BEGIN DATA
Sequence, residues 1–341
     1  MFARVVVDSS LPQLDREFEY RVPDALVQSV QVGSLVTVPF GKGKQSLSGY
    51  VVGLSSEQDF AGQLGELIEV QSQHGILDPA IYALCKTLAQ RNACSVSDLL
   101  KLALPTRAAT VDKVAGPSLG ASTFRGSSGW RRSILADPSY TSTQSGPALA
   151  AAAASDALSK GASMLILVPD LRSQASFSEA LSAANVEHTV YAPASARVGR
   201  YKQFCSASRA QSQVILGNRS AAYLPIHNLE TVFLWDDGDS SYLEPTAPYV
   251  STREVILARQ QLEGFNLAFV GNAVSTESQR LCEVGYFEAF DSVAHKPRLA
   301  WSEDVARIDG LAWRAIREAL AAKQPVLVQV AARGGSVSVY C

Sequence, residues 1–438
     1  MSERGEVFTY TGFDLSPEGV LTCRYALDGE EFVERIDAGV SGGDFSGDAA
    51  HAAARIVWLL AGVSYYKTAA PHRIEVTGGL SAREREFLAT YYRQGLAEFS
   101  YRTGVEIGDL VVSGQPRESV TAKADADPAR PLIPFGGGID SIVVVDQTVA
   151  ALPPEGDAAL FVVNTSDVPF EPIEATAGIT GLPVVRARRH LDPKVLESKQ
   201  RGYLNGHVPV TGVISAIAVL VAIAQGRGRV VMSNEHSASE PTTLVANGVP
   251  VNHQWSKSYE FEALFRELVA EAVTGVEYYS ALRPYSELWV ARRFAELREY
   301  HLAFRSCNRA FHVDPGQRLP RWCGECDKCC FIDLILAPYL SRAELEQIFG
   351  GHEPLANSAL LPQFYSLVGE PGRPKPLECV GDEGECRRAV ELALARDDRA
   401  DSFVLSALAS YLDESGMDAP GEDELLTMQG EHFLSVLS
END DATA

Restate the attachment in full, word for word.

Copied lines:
Sequence, residues 1–341
     1  MFARVVVDSS LPQLDREFEY RVPDALVQSV QVGSLVTVPF GKGKQSLSGY
    51  VVGLSSEQDF AGQLGELIEV QSQHGILDPA IYALCKTLAQ RNACSVSDLL
   101  KLALPTRAAT VDKVAGPSLG ASTFRGSSGW RRSILADPSY TSTQSGPALA
   151  AAAASDALSK GASMLILVPD LRSQASFSEA LSAANVEHTV YAPASARVGR
   201  YKQFCSASRA QSQVILGNRS AAYLPIHNLE TVFLWDDGDS SYLEPTAPYV
   251  STREVILARQ QLEGFNLAFV GNAVSTESQR LCEVGYFEAF DSVAHKPRLA
   301  WSEDVARIDG LAWRAIREAL AAKQPVLVQV AARGGSVSVY C

Sequence, residues 1–438
     1  MSERGEVFTY TGFDLSPEGV LTCRYALDGE EFVERIDAGV SGGDFSGDAA
    51  HAAARIVWLL AGVSYYKTAA PHRIEVTGGL SAREREFLAT YYRQGLAEFS
   101  YRTGVEIGDL VVSGQPRESV TAKADADPAR PLIPFGGGID SIVVVDQTVA
   151  ALPPEGDAAL FVVNTSDVPF EPIEATAGIT GLPVVRARRH LDPKVLESKQ
   201  RGYLNGHVPV TGVISAIAVL VAIAQGRGRV VMSNEHSASE PTTLVANGVP
   251  VNHQWSKSYE FEALFRELVA EAVTGVEYYS ALRPYSELWV ARRFAELREY
   301  HLAFRSCNRA FHVDPGQRLP RWCGECDKCC FIDLILAPYL SRAELEQIFG
   351  GHEPLANSAL LPQFYSLVGE PGRPKPLECV GDEGECRRAV ELALARDDRA
   401  DSFVLSALAS YLDESGMDAP GEDELLTMQG EHFLSVLS